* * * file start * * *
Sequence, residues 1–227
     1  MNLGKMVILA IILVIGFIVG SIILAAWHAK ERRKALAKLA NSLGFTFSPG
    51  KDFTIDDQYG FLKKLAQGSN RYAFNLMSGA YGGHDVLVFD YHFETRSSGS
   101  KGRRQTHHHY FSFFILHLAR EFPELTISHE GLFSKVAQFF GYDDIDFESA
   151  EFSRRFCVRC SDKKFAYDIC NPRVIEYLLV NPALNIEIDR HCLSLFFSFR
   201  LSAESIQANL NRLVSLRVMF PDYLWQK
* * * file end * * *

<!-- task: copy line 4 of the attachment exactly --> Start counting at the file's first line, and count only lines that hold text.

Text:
   101  KGRRQTHHHY FSFFILHLAR EFPELTISHE GLFSKVAQFF GYDDIDFESA